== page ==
No announcement yet.

Paid gig to make a badge for HS Esports Championships

  • Filter
  • Time
  • Show
Clear All
new posts

  • Paid gig to make a badge for HS Esports Championships

    hey folks.... who is the person i want to talk to if I'm running an event (in this case a HS Esports State Championship) and I'd like to work with a maker to come up with a badge that's got some sort of connectivity/hackability .... no budget for full defcon level, but i have a budget for $5/badge for 500 badges... what can i do for $2500 that'll expose MS and HS kids to some sort IP/RFID/USB/BT hacking type stuff? could also be a JTAG or other interface. I just want a 30-minute activity that every kid in the door needs to do in order to identify themselves in their badge, and a novel way for kids to ID others via some sort of interface. I'd love a scenario where kids can store their various gamertags and discord IDs and share them with others via some sort of interaction with their phones and the badge. I'm not trying to make something clean and easy, I'm hoping to have something that looks more like an Arduino and less like a nice fancy badge that happens to have a RFID tag in there. One purpose of the badges is to sell to education administrators there that the kids are learning STEM, so a funky noticeable badge with ports, wires, etc isn't a bad thing. If you're interested, let me know. Free flight and accommodations to our event inside the US if you'd like to come see your stuff in action.

  • #2
    Hey, I don't see many replies, so wanted to make a suggestion. It's going to be tough making much under $5 at a lower production quantity like 500 and include a PCB run, but there are some projects out there that might help. One I came across looking for 'cheapest MCU dev board' was the Shrimp Kit, specifically aimed at schools. Hackaday covered ( and the Shrimp base kit is covered here ( They have some free classroom projects and sponsor some initial bundles, depending on where you are. Someone may be aware of a better option or have time to volunteer free design cycles to create and sponsor a low cost board, but in case nobody else chimes in, this may be a good option to investigate. In terms of user peripherals the kids will enjoy, ie basic displays, piezo speakers, more than one button or LEDs, etc., you may really struggle to get under the $5, so if you can make a few less kits you may be able to add on some big improvements to interaction without a dev environment and cable attached. When you get into RF functionality and the ability for the badges to recognize each at a distance, the antenna and transceiver start to really tack on cost. The easiest might be to get in contact with a distributor/designer/philanthropic group like Adafruit (who may have much better suggestions) and get some Raspberry Pi Zero Ws or something similar. That's getting you into the $10 range though, and not counting the microSDs. Definitely see if you can extend that price range, you'll start getting a lot more if you can price it close to $10 or purchase with someone doing a much larger bulk purchase of components. Good luck, it sounds like a great project!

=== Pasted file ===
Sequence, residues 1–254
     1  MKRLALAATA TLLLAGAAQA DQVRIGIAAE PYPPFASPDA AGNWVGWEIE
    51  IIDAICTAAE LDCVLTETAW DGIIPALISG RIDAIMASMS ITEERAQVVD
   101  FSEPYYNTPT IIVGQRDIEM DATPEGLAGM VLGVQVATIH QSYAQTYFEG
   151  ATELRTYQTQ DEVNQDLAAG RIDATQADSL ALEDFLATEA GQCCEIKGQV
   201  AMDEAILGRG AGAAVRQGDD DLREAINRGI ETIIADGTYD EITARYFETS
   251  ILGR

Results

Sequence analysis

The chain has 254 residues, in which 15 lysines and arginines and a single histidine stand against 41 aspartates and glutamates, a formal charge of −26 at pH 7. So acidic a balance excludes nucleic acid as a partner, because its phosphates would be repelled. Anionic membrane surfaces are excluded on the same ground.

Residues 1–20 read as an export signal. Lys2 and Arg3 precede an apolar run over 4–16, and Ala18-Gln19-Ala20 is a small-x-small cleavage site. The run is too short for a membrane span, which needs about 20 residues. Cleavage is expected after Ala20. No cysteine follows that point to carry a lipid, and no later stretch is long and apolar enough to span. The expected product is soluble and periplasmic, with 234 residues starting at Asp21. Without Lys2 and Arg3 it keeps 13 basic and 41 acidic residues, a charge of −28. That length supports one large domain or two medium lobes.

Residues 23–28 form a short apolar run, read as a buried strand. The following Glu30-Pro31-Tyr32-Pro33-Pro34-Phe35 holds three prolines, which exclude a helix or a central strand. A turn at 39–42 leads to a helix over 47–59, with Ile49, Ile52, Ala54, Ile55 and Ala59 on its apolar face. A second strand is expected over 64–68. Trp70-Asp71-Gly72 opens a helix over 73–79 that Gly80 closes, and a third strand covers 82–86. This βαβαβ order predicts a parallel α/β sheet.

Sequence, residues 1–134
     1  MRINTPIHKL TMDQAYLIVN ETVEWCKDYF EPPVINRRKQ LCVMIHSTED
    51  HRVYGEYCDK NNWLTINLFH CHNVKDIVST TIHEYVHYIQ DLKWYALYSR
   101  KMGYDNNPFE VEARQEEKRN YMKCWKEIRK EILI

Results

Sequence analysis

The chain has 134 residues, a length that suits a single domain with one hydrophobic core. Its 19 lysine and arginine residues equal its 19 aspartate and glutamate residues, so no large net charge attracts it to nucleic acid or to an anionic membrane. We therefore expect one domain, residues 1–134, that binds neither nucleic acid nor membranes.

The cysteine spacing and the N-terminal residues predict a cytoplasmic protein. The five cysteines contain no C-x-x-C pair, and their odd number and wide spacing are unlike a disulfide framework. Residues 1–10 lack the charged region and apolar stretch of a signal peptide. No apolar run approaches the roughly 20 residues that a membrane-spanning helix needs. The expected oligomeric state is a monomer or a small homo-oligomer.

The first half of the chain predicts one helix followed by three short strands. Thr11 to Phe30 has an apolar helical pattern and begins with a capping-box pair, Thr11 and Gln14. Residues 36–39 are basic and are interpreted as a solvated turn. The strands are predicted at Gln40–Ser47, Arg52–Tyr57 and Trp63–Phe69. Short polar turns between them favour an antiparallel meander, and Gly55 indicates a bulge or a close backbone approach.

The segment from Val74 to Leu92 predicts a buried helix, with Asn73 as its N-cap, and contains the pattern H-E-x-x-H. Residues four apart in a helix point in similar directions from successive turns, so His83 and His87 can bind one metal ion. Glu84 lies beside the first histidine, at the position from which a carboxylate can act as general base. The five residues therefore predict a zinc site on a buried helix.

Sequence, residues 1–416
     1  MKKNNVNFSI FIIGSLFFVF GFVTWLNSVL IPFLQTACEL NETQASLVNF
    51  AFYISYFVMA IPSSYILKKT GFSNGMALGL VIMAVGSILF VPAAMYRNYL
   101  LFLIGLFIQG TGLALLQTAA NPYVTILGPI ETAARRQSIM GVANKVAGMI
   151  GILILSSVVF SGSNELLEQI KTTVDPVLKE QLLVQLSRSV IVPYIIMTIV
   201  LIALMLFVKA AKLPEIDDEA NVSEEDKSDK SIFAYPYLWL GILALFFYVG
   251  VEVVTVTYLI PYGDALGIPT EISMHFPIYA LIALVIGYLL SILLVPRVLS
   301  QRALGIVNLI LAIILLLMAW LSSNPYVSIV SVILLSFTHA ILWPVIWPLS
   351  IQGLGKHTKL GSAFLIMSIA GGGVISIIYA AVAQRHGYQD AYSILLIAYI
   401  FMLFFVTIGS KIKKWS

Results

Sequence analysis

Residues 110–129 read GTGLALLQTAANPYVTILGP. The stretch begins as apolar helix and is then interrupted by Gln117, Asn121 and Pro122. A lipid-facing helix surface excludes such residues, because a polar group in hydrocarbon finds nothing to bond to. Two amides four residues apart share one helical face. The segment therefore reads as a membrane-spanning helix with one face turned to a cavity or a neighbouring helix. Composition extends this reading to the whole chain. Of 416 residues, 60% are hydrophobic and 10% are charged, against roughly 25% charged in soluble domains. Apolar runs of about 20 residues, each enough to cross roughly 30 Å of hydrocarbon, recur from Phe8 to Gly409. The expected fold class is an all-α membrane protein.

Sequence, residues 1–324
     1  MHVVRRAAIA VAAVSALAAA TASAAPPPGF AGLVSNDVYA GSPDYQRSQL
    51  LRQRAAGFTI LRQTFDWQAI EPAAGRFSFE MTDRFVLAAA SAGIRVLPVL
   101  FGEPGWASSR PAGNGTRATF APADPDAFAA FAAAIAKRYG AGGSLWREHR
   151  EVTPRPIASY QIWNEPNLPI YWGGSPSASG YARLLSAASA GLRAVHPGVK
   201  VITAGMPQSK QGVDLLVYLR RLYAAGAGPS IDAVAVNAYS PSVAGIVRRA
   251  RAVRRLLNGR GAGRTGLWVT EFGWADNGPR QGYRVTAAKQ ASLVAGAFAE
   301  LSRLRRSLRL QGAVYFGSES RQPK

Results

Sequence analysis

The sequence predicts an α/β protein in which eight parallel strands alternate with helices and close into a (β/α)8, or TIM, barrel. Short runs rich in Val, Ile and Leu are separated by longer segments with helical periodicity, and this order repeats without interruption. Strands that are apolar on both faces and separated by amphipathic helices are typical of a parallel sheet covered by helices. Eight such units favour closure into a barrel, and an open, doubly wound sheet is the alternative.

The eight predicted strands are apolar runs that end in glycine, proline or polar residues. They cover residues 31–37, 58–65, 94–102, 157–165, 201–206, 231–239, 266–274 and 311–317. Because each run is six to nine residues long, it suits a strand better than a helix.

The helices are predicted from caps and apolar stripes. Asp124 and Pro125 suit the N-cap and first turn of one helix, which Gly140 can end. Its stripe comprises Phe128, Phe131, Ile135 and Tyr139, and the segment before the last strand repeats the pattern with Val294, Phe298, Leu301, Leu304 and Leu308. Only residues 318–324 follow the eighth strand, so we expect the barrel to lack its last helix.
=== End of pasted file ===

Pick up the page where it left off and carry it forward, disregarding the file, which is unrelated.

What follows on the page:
• #3
      You're functionality is reasonably easy to achieve. For hardware hacking at the HS level, I would suggest exposing UART and possibly the programming interface. (You can embed non-program data as clues or challenges to find). An ISP interface is pretty easy, lots of free tools, and there are lots of online resources. For device to-device communications, IR is easy and cheap. It can even piggyback on UART.

      LEDs are cheap. Screens are out of your price range. A piezo is doable but on battery power the choice of piezo will be critical.

      If the goal is a 30 minute exercise, then I'd keep it super basic. Make it possible for the user to customize the LEDs on their badge as a way of personalizing it. Have an IR scavenger hunt, and optionally have a UART station in the scavenger hunt. The other stuff would be for after the event or as a secondary event.

      As "envelope" mentioned, the $5/pc is tougher today due to the chip shortage. A capable ATmega328PB type chip has lots of possibilties but has gone from sub $1 to unobtainium. in all likelihood, a suitable chip - assumig any stock at all - will be $2. Add a battery solution, a PCB, and some components, you are at or above $8.

      The most flexible design could be the RPiPICO ($4/pc) on a secondary board. The PiPICO castellated edges allow it to be soldered to another board as if it were one big component. The downside is you are still outside of your price target and assembly is less automated. He upside is they have something with a lot of possibilities and it will have USB support.